Unfortunately, there is no way that we can truly confirm or deny what is happening, how it is happening, or why. I have never denied that God can heal anyone, anywhere, at any time. He does so, and when He does, He alone deserves all the praise. I am convinced the Bible teaches that the spiritual gift of healing was in operation in the early church primarily to confirm the message of the gospel through the first Apostles. Obviously not everyone agrees with my understanding of that gift, its purpose, or its operations.

Sadly, many who claim to have a gift of healing today are engaged in either a “showboating” kind of ministry, or are profiting financially from their so-called gift. We only have to watch them on religious television to see it, although many of their antics, deceptions, and greedy practices have been often documented. I receive a handful of letters every year at the church from unknown, obscure people in impoverished parts of the world. In these letters there are great claims of miraculous healings and demon exorcisms. They are always accompanied by a plea for a financial gift. Needless to say, the pleas seem insincere and the stories usually appear fanciful. The fact that stories are perpetuated, passed on (and likely often exaggerated) does not necessarily make them real.

No one could possibly have the resources or time to investigate every possible report of healings around the world. There are people out there who have tried, and by far the most common conclusion is that modern claims to miraculous healings of the character and nature of those in the New Testament are unfounded. Just for curiosity, I googled “what about miraculous healings in asia,” and clicked on the first article. A youth claims to have been healed of paralysis. But reading the article, it appears to have been no more significant than a bad arm taking a turn for the better. The article says:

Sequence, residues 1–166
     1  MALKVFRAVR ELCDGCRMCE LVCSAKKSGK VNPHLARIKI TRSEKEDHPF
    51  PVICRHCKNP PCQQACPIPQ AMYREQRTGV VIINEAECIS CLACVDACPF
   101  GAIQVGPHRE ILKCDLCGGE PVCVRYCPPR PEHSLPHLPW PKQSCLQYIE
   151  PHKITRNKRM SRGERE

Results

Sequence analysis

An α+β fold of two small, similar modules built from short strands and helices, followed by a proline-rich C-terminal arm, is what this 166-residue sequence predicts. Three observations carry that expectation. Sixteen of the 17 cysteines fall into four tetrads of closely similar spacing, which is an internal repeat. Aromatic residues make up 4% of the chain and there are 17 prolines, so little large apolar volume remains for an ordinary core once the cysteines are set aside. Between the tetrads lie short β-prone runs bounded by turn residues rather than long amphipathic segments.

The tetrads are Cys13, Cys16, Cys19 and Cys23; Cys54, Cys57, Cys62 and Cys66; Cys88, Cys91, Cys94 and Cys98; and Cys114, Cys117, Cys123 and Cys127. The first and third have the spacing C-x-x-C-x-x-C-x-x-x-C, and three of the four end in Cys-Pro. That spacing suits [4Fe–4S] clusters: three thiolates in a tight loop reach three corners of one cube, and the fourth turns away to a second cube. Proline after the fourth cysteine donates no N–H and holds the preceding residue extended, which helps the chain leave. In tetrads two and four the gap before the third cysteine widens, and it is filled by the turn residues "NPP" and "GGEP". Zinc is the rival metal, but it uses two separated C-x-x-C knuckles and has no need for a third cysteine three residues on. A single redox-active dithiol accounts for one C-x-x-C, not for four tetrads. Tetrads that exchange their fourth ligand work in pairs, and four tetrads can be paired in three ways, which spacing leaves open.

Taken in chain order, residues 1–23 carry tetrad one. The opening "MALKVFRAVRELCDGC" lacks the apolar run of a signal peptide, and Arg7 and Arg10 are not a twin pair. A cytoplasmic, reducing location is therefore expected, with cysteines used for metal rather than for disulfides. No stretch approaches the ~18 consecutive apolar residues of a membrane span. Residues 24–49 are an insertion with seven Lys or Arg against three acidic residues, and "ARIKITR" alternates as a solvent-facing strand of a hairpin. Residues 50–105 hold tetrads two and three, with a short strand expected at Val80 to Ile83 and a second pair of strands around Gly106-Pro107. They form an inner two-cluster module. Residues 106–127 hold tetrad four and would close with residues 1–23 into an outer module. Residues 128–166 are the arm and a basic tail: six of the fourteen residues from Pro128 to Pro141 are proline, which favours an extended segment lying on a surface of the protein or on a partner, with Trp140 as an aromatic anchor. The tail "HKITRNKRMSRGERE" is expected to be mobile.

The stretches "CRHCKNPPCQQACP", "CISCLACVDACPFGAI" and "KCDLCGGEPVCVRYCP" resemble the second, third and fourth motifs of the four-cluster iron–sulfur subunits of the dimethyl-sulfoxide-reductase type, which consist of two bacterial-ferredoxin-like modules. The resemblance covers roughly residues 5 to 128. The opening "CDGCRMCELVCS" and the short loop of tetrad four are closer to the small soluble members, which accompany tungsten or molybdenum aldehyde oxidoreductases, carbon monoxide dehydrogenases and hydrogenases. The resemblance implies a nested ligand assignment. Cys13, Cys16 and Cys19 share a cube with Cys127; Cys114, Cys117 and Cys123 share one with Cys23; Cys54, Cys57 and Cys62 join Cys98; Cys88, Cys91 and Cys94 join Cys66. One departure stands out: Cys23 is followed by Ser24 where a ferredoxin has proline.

Mi, a young man of 17, was the first to step forward to seek God’s healing touch for his paralyzed left side…On Friday, June 5, Mi went to a follow-up doctor’s appointment that had been set to discuss expensive surgery necessary for his paralyzed left arm. When the doctor examined his arm, however, he was amazed to find soft, pliable tissue instead of the rigid, spastic tissue he had examined previously. Mi immediately gave testimony to God’s healing touch following a time of prayer the week before. Mi continues to rely on prayer for full healing as he begins to follow physical therapy exercises he can do at home to strengthen his arm.

We don’t really know what the “rigid, spastic tissue” was before. A tight muscle? A severe cramp? A torn muscle? Unless it was a congenital defect, it may not be accurate to describe it as “paralyzed.” But notice, he was not totally healed. He is waiting, by his own report, for “full healing” and is following through with a physical therapy program to strengthen it further. This is very different from a man crippled since birth suddenly leaping, and dancing, and praising God. And yet, the headline reads “Miraculous Healing!” I believe almost all of the stories we hear are of a similar character. True healings, of the character and nature of the ones we see at the hands of Christ and the Apostles, would be the exception and not the common experience.

Those are really good questions. I appreciate them all, so keep them coming. The question and answer time is one of my favorite times of the month.